Despite the disappearance of a major roadblock to a deal, the threat of a writers strike remains strong.
A day after studios and nets removed their polarizing proposal to revamp residuals, there were no signs of movement as the daunting task of crafting a deal acceptable to the WGA and Alliance of Motion Picture & Television Producers remained.
Reps for the WGA and AMPTP huddled in separate meetings Wednesday and did not hold any face-to-face negotiations. With no new date set yet for the resumption of formal bargaining and the WGA’s strike authorization vote concluding late today, talks won’t probably start again until Friday at the earliest.
Hollywood has cheered the AMPTP’s move to remove the residuals proposal as the first positive news from what had been three months of rancorous and unproductive talks. With the AMPTP having made the move, the spotlight’s shifted to the WGA to respond.
But it took months to achieve that progress, so labor watchers are skeptical that there’s enough momentum to reach agreement by the time the WGA’s contract expires on Oct. 31.
Two key questions have emerged among observers: Will the WGA agree to a contract extension in exchange for a multiyear study of compensation, even though it spurned the idea in July? And can the AMPTP sweeten an extension deal enough to get the guild leaders aboard?
At first glance, the answer to both questions would be “very unlikely.” The WGA’s been dismissive of the idea ever since AMPTP president Nick Counter first unveiled the proposal for creation of a jointly funded outside study group in April.
Still, there may be some wiggle room for negotiators, such as reducing the length of the study by a year or two and agreeing in advance to make retroactive payments.
When the AMPTP formally made its initial proposal in July, it contained two parts — a three-year study/contract extension or the residuals revamp with talent being paid only after basic costs are recouped. The WGA rebuffed both ideas immediately, and the AMPTP took the study idea off the table the next day.
Counter’s plan was to generate a report — a sort of showbiz version of the report from the Iraq Study Group headed by James Baker and Lee Hamilton. The basic premise of such a study: Digital delivery platforms have so muddied the outlook for future revenue that an outside expert is needed to analyze the best method of compensating writers.
Companies also wanted to avoid being locked forever into paying residuals on revenue streams for unprofitable operations.
The panel would have been staffed by entertainment industry experts and examine the intricacies of how performers are paid for reuse of their work — both for traditional media and the proliferation of new-media platforms — along with creating formulas that could be retroactive.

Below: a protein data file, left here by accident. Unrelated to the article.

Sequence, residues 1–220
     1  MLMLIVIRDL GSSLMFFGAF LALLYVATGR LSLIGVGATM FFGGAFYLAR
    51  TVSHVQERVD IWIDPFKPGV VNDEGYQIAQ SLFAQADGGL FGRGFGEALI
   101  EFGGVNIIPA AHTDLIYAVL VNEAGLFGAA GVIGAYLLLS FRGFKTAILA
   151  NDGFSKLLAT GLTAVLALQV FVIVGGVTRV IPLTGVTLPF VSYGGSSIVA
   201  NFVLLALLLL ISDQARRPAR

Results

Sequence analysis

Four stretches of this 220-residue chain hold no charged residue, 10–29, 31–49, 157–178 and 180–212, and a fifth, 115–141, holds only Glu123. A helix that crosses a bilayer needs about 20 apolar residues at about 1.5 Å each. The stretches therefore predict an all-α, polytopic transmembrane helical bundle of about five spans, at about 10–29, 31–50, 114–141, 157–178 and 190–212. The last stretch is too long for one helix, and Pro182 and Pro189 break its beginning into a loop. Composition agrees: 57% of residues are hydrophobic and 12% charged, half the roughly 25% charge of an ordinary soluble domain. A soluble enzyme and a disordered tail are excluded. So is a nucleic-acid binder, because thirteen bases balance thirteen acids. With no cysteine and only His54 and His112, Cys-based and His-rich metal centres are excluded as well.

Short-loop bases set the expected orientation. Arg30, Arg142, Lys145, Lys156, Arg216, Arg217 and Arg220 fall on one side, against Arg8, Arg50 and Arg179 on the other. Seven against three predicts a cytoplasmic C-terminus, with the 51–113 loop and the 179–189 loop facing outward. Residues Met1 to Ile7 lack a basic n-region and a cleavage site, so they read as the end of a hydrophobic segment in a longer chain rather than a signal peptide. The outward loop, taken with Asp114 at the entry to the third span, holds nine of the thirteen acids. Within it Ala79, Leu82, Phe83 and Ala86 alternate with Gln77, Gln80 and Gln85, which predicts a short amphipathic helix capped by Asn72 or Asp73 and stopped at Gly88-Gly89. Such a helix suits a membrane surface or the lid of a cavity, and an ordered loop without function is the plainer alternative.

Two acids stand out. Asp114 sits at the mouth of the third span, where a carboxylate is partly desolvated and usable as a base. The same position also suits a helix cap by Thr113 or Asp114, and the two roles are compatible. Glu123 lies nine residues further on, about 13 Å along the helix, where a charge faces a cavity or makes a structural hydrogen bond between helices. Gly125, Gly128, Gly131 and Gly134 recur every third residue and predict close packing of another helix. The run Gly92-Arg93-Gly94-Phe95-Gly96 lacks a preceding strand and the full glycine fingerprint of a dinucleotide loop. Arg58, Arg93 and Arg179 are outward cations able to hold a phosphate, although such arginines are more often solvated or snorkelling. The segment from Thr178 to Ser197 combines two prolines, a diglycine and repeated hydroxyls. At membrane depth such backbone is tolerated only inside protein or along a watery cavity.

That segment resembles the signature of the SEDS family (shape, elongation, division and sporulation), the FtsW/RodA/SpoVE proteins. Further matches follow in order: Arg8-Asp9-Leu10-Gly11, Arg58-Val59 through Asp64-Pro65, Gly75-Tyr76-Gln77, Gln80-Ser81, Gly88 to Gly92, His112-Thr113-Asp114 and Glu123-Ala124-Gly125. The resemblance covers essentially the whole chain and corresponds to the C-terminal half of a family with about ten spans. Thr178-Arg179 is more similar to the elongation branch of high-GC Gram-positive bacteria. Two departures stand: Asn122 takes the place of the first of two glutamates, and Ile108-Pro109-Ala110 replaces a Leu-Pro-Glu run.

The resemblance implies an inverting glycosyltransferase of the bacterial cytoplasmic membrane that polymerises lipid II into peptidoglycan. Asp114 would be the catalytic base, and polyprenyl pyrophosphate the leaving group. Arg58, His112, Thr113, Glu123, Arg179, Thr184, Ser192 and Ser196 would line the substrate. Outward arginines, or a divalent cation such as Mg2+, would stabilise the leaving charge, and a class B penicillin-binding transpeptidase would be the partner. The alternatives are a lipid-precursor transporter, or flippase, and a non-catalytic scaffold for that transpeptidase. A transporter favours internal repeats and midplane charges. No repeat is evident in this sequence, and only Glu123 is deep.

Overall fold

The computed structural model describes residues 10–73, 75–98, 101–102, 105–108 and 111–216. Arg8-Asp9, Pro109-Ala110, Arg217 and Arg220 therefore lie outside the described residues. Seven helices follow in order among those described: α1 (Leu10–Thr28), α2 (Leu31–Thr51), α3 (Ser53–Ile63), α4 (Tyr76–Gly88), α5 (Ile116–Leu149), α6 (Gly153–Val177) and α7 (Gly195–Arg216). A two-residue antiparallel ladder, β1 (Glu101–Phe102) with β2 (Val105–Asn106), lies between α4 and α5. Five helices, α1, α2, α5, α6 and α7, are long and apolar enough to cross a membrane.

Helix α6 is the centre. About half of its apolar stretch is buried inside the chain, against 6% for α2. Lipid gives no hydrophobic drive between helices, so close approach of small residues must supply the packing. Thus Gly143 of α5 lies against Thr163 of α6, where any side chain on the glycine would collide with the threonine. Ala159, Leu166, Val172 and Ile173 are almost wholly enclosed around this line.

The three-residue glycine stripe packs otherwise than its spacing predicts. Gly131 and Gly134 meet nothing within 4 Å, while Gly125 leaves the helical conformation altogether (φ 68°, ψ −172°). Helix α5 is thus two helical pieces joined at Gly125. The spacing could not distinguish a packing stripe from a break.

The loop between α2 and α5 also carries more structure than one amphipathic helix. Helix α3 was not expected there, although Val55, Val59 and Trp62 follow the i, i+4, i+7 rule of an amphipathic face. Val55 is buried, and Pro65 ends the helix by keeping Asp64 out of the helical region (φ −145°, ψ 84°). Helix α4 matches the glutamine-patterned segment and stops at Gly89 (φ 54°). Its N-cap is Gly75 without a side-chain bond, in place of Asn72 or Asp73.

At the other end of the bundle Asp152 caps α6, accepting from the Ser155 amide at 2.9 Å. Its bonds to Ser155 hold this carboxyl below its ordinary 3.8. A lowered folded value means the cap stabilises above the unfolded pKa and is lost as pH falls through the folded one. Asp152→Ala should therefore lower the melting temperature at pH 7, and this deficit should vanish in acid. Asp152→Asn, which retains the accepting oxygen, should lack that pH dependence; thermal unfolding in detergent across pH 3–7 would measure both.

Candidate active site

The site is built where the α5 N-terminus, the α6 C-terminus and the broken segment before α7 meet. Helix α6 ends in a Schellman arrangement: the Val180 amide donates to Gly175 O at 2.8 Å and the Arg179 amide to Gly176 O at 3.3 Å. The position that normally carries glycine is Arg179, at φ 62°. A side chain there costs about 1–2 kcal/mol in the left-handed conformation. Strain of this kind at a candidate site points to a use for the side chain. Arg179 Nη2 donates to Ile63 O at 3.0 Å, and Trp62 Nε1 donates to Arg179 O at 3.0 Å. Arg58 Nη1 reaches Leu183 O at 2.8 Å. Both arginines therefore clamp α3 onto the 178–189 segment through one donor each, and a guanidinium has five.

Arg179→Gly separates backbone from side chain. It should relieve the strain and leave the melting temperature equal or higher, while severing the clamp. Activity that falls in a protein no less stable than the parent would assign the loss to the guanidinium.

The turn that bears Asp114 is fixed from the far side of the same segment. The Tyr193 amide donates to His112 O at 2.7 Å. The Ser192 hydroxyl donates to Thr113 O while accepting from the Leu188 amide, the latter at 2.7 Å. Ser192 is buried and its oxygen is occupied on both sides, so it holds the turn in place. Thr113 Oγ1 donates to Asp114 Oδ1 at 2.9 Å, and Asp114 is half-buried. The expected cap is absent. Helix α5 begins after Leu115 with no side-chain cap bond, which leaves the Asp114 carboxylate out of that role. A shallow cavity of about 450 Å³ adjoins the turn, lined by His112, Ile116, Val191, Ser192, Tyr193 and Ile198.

Counter noted at the time that there were recent precedents: SAG and AFTRA agreed last year to a two-year contract extension of their commercials contract so an outside consultant could analyze revenue streams; and Canadian performers unions had agreed to hold off on resolution of several new-media issues until they can by studied further.
From the companies’ standpoint, the best-case scenario would also see the DGA and SAG agreeing to similar studies — although SAG topper Doug Allen dismissed the idea as a nonstarter long ago.
But none of the AMPTP arguments for a study have generated any traction so far within the WGA, which has argued that the studios and nets are just making excuses not to pay writers more.
“How can we take an idea seriously that means stalling for three years the bargaining of fair contracts for the people who create and produce the content that makes the entertainment industry so successful?” the guild said in a message to members. “The studios assert that these are new technologies, so they don’t know how any of it will work from a business standpoint. This may be a clever excuse, but as we all know, digital distribution is hardly new.”
The WGA noted that the download-on-demand website Movielink was launched by a clutch of major studios in 2001 and that it’s had a residual formula in place for Internet downloads since November 2001.
During the run-up to negotiations, TV execs such as NBC Universal’s Marc Graboff asserted that the industry needed at least one or two more seasons for a dominant business model to emerge. But the WGA has told its members that there’s no excuse for not paying as long as revenues are coming in.
“The fact that delivery systems are changing, and will continue to change, does not mean that residuals shouldn’t be paid now,” the WGA said. “Collective bargaining can accommodate change.”